14th December 2022 - 4 min read
Experts have urged the government to also look into identifying and addressing the root causes of rising prices of goods, even as it focuses on re-examining the country’s subsidy system. This is as both measures must go hand in hand to help the people manage their cost of living.
Senior education officer from the Consumers Association of Penang (CAP), N. V. Subbarow said that above all, the government must study how it can resolve agricultural output challenges. This, in turn, will help to safeguard the main source of food for the population – which will ultimately stabilise the prices of goods.
To illustrate his point, Subbarow highlighted the existing problem of egg shortage, which has forced Malaysia to temporarily import chicken eggs as a short-term solution. “They (farmers) said some of the chickens can no longer lay eggs, so the meat was sold to the market instead. The Agriculture and Food Security Ministry must look into the real issue instead of giving more and more subsidies to the producers. Similar issues have occurred with other livestock. I also know breeders of milk-producing goats who have sold off their livestock for the meat,” explained Subbarow.
In addition to that, Subbarow suggested for the government to increase the number of platforms for farmers to sell their products directly to consumers, or at least to authority bodies. This will then remove the problem of middlemen, which contributes to the rising prices of goods. A good option is to build more agricultural centres in the regions, thereby resolving farmers’ transportation issues.
“Some farmers have no choice but to sell their vegetables to middlemen as they don’t have the means to transport them far away. Centres located near their farms will greatly help these farmers with selling their products directly. Regular checks and enforcement actions would also help prevent profiteering among sellers,” Subbarow elaborated.
As for the proposed restructuring of subsidies, Subbarow believes that introducing a cap on the amount of subsidised electricity for domestic users will encourage them to become smarter consumers who avoid wastage. Commercial users or industries that receive subsidies, too, should ensure that the prices of their produced goods do reflect the aid. “It’s not fair for them to raise the prices when they also receive subsidies,” he said.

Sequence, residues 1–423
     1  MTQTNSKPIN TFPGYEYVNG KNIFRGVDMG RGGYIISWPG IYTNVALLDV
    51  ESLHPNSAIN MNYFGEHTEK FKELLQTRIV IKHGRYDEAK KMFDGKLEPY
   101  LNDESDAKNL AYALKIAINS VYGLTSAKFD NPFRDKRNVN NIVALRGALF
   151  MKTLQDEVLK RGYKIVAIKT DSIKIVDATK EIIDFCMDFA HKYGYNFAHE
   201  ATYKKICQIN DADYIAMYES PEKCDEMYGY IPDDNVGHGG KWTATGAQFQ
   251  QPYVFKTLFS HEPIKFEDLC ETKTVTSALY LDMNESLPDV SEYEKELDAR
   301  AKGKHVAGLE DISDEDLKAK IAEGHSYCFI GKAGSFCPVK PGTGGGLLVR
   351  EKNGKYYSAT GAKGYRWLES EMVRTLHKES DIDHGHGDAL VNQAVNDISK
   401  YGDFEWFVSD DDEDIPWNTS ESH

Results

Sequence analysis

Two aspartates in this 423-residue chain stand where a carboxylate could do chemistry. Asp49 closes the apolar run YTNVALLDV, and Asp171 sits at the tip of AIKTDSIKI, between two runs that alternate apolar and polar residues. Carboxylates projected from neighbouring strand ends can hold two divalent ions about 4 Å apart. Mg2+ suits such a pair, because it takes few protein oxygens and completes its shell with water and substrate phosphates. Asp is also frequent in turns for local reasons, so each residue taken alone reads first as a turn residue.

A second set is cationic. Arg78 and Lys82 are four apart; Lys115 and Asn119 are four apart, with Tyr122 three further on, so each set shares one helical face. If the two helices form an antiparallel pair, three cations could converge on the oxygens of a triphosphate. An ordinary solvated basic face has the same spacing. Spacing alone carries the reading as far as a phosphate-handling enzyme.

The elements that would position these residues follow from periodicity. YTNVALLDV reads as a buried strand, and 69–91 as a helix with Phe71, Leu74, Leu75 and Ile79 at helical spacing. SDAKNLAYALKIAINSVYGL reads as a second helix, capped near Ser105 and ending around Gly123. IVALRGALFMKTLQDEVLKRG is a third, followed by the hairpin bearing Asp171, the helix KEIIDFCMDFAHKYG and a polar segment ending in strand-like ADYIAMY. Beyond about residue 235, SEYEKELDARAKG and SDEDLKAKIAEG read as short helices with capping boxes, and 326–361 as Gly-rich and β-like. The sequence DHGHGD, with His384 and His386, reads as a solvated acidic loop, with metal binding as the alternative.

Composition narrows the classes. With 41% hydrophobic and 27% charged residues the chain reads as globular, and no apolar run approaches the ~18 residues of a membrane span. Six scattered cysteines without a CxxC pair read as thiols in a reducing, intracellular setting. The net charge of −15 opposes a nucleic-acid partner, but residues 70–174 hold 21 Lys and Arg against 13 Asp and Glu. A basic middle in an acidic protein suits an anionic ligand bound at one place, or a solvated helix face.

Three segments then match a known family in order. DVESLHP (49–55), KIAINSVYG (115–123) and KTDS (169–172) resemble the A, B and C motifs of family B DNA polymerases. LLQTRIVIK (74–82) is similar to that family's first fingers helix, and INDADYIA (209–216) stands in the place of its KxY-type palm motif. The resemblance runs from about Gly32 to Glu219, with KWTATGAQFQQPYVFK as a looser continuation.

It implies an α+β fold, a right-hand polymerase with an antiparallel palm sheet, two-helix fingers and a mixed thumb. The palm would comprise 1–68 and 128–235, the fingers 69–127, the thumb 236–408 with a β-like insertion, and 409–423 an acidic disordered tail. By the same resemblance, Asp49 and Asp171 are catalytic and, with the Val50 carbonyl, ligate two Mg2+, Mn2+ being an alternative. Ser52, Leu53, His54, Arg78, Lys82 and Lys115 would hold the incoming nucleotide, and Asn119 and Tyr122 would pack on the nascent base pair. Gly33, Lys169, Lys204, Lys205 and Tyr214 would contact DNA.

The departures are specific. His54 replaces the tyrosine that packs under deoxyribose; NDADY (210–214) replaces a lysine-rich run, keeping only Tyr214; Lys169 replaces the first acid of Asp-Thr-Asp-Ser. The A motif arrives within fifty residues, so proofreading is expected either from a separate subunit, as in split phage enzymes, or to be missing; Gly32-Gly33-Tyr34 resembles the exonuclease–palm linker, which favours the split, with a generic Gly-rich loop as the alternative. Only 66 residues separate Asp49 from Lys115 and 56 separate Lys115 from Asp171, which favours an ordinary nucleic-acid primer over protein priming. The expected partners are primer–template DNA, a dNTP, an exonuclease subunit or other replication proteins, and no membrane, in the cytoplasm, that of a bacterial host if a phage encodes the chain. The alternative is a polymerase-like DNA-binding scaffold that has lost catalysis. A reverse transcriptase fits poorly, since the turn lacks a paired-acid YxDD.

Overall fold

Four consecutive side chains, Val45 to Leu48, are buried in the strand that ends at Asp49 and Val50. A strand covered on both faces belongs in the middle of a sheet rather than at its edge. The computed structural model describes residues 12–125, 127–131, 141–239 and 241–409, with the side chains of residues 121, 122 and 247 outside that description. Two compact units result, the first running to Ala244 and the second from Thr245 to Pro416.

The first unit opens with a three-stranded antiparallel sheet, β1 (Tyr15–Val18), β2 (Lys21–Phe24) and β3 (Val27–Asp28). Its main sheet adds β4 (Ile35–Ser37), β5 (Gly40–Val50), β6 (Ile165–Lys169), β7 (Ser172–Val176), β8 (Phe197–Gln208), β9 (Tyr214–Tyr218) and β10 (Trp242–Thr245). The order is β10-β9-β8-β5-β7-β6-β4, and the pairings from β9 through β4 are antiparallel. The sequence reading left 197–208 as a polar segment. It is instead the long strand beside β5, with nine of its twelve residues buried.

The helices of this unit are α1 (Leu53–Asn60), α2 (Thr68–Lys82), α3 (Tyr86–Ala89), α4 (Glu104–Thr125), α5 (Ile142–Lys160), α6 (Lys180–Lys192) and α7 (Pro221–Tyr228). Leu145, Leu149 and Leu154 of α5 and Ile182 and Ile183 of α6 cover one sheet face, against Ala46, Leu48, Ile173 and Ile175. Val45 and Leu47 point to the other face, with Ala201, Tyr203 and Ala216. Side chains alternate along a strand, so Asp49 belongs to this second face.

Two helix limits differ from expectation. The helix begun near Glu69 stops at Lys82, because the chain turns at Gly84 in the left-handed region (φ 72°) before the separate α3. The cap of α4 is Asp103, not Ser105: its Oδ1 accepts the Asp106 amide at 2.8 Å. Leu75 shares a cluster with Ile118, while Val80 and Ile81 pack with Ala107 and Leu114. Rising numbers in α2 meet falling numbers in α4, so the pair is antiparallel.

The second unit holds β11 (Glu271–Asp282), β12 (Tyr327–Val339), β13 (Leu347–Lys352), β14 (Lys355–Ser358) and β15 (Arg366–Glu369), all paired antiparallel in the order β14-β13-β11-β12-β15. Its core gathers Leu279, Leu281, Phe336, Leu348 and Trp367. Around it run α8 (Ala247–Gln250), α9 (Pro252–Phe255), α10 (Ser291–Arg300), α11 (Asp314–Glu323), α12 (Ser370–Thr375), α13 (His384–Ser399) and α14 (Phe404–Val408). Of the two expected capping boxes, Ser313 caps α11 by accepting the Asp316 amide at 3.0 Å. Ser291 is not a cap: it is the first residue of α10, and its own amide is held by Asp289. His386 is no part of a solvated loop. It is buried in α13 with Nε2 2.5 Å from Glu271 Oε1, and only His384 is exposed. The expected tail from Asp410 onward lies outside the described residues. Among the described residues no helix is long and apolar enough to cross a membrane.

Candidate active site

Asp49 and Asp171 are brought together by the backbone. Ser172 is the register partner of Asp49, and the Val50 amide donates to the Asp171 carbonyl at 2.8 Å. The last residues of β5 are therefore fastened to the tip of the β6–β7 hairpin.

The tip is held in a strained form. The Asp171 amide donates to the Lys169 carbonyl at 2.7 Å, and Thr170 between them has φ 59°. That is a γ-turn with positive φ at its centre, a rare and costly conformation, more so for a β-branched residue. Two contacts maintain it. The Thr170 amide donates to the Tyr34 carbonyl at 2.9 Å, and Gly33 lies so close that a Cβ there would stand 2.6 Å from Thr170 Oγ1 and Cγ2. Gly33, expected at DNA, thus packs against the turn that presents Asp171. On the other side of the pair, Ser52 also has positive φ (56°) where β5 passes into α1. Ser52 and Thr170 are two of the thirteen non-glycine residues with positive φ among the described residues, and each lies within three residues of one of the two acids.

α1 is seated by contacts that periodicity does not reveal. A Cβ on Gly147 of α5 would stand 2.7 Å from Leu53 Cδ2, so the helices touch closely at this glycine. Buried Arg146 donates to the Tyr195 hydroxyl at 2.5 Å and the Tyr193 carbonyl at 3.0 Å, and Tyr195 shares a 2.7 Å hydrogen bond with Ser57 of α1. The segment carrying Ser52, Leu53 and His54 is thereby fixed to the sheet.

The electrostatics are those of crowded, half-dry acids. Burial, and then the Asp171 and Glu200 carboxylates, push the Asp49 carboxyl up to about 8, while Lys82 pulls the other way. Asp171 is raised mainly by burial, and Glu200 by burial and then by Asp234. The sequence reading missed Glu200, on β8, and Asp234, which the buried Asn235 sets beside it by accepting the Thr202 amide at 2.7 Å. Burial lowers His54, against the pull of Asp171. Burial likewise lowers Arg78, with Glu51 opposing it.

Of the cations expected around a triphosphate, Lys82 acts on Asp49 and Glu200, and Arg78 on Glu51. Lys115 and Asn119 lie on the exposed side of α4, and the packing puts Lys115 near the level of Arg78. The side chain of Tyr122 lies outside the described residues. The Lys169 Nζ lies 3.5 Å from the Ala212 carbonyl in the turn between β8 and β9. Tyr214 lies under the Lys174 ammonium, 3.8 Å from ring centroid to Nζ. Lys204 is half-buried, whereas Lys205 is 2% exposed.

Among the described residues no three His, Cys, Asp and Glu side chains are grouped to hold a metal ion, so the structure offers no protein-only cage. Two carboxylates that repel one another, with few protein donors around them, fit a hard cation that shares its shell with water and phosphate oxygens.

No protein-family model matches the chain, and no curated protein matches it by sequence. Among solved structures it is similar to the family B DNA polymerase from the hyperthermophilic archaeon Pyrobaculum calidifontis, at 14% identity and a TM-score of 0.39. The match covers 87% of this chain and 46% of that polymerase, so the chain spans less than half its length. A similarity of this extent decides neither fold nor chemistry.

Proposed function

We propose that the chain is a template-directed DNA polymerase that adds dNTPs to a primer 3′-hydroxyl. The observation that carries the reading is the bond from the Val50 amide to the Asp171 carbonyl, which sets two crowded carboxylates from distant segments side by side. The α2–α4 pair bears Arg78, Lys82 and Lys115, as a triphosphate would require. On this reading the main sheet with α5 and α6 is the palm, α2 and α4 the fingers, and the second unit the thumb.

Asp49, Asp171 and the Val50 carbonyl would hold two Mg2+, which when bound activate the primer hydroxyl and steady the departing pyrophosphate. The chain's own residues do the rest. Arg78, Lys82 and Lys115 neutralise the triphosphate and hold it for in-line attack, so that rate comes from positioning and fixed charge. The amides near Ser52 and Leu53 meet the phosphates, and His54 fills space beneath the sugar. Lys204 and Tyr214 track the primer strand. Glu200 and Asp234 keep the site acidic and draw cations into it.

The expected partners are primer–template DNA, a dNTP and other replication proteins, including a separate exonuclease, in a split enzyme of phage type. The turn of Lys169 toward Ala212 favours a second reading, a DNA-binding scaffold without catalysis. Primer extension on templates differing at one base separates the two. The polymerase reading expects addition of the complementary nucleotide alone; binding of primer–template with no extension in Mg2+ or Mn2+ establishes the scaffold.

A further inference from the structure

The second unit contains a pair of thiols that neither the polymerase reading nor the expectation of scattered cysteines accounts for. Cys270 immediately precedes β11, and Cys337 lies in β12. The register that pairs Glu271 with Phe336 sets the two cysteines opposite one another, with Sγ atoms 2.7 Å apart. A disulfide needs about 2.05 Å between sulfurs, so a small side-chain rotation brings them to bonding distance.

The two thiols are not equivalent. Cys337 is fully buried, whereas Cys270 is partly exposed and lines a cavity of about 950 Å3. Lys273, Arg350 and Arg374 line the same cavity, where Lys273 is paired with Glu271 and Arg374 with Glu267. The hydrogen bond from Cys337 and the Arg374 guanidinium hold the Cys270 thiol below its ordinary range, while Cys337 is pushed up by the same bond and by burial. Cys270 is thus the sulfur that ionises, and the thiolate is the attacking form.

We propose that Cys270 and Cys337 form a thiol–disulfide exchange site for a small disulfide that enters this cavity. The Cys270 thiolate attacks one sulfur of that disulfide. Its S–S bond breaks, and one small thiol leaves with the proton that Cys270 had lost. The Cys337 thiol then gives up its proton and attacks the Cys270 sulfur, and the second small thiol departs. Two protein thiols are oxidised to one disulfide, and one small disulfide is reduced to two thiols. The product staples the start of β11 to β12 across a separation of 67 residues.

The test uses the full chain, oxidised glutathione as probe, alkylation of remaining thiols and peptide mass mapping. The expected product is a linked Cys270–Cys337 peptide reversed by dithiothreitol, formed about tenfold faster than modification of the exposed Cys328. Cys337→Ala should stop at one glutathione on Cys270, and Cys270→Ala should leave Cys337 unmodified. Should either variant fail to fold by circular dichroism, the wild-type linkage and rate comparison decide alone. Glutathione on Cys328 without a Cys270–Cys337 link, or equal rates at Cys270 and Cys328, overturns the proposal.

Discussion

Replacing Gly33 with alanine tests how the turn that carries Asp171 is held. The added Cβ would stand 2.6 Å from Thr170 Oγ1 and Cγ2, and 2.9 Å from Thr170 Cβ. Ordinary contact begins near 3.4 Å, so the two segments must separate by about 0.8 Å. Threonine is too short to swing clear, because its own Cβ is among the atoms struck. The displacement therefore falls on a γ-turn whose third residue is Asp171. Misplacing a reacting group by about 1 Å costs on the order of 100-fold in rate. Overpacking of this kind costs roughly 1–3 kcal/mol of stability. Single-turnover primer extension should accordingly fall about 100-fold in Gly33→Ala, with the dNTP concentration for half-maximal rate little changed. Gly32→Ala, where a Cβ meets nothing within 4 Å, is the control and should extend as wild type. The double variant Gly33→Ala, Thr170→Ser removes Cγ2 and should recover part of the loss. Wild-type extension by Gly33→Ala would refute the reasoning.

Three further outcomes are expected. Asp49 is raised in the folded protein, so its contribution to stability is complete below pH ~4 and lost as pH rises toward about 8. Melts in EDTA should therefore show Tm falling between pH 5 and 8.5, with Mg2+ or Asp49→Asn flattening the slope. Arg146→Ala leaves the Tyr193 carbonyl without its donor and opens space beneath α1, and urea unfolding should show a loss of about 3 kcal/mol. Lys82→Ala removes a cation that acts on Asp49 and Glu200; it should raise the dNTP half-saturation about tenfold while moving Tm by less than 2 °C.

Meanwhile, economic analyst at the Putra Business School, Associate Professor Dr Ahmed Razman Abdul Latiff commented that although the government may mean well by providing targeted electricity subsidies only for B40 and M40 households to reduce their cost burden, this means manufacturers will be subjected to higher tariffs. In turn, it will cause them to pass on the cost by hiking up the prices of essential items.
“Without subsidies, larger corporations will have to push up the prices of their products to cope with the higher electricity tariff. Fuel production will also get more expensive next year since it is expected that the cost of purchasing coal and gas will be 2.5 times higher than now. If the higher tariff rates translate into price hikes for consumers, then the subsidy revamp will be a futile exercise,” said Dr Ahmed Razman.
Given this situation, Dr Ahmed Razman proposed for the government to provide monthly financial assistance for B40 and M40 households instead, catering to their daily expenses and necessities. These could be in the form of e-vouchers, which is more sustainable than giving cash handouts. This is as cash handouts will require the government to borrow more money, and as such raise the federal government debt.
E-vouchers, on the other hand, can be provided until Malaysia’s inflation is under control. Furthermore, the government can tap into the Bantuan Keluarga Malaysia (BKM) and Inland Revenue Board (LHDN) database to identify eligible recipients, said Dr Ahmed Razman.
Just yesterday, Prime Minister Datuk Seri Anwar Ibrahim had said that the government will look at reallocating blanket subsidies that are currently also benefitting wealthy individuals and conglomerates. He stressed that the subsidies are meant only for those in need, including individuals in the lower income group, and therefore should be implemented as such.
(Source: New Straits Times)
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